As an alternative, you can use Blocking Volumes to add invisible box-shaped collision volumes into the Level. This is a simple way to get collisions working in your Level without the need to modify your Static Meshes. However, since these volumes aren't attached to your Static Meshes, you may need to move them by hand if you move the geometry in your Level around.

  4. Make sure you have at least one Player Start Actor in the Level. If you need more, you can drag more Player Start Actors from the Basic tab of the Modes panel into the Viewport.

    When a new person joins the session, they start at the position of a randomly selected Player Start Actor. You should have at least one Player Start Actor in your Level, wherever it makes sense for new people to begin. You'll probably want to place the Actors just above a walkable surface, so that if a player switches to Walk mode they won't fall through the surface.

    It's a good idea to add a few of these Actors around the same location, so that new people are less likely to overlap the exact location of other players when they join the session.

  5. Make sure that each surface you want players to be able to teleport to has a Nav Mesh by including it in a Nav Mesh Bounds Volume. The default persistent Level has one already that you can resize to cover your 3D models, or you can create your own. You can have as many of these volumes as you need for your Level.
    To create a Nav Mesh:

    1. If your Level doesn't already have a Nav Mesh Bounds Volume, add one by dragging it into the Viewport from the Volumes tab of the Modes panel.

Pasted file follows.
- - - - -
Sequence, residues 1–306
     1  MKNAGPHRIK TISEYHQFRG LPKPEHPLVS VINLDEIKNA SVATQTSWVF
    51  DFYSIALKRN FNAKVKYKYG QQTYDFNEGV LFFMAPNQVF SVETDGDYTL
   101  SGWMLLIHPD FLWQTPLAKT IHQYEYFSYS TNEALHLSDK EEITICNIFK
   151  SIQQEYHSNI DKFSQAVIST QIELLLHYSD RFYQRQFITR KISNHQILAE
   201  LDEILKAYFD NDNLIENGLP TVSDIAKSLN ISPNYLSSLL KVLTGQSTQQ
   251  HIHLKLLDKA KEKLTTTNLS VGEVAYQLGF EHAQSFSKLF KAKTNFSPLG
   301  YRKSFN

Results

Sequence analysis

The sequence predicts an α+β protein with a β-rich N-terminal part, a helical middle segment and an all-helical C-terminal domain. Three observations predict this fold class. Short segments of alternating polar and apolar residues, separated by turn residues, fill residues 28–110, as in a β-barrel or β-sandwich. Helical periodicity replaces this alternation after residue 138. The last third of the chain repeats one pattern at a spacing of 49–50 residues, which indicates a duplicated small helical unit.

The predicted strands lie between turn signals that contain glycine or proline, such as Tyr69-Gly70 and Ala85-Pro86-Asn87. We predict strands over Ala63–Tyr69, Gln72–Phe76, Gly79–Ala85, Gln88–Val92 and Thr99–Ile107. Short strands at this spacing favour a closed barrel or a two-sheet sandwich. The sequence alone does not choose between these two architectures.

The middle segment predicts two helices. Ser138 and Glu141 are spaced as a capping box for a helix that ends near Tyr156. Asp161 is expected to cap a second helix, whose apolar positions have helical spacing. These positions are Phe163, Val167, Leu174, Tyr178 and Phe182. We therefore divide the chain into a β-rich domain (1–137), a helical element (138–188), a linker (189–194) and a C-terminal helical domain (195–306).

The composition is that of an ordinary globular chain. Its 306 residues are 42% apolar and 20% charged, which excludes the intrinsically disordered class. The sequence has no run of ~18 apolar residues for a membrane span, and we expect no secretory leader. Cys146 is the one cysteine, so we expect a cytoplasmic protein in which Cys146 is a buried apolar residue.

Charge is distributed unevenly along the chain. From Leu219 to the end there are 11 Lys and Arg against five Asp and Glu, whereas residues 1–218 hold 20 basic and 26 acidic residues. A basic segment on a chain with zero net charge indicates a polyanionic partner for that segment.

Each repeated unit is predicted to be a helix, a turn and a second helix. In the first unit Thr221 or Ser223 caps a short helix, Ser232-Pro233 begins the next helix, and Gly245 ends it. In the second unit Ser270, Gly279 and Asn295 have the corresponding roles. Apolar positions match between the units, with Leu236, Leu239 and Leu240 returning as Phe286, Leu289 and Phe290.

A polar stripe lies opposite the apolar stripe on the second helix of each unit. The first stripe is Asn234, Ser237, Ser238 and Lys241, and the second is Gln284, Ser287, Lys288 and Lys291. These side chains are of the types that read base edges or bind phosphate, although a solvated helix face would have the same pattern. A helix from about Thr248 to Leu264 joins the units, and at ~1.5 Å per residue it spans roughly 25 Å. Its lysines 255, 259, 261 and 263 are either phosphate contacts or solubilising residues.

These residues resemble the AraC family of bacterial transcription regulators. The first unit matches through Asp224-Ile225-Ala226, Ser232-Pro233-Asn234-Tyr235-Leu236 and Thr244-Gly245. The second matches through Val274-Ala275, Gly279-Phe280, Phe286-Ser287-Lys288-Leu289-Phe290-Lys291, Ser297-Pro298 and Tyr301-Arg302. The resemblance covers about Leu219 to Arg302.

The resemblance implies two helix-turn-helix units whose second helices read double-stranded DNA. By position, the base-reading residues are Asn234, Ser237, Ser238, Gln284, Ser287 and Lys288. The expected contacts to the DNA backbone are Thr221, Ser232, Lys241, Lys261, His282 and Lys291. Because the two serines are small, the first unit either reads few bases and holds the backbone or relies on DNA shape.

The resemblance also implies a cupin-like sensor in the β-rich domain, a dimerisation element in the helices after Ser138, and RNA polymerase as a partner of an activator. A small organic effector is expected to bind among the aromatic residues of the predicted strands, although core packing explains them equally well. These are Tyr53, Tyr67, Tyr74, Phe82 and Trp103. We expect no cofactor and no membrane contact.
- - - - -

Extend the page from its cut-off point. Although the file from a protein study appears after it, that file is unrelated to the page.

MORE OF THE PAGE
2. Select the Nav Mesh Bounds Volume in the Viewport or the World Outliner, and move its Transform gizmo in the Viewport to the approximate center of the area you want to cover.

    3. In the Details panel, use the Brush Settings to change the size and shape of the volume.

    4. Click the Build icon in the Toolbar to rebuild pre-calculated data for your Level, or select Build > Navigation > Build Paths to rebuild only the navigation data.

    5. Press P to see the generated Nav Mesh and verify that it covers the areas you're expecting. It is rendered as a green surface that hovers slightly above the collision meshes that intersect the volume.

  6. Build your lighting if necessary.

  7. Repackage and redistribute your Project as instructed in the Quick Start page.

End Result

If you've followed all the steps above, you should be able to get multiple users connected to a single design review session, with everyone seeing the custom content you added to the Level.

Controlling Transform and XRay Behavior

You can influence the behavior of the Transform and Xray interactions at runtime by the way you set up your content.

  • The Mobility setting of each Actor determines whether or not you can use the Transform interaction to move that object at runtime. If you want to be able to move the object at runtime, set its Mobility to Movable. If you want to be able to highlight and select the object, but not to be able to move it around in space, set its Mobility to Static.

  • The hierarchy of parent and child Actors that you see in the World Outliner affects both the Transform and Xray interactions.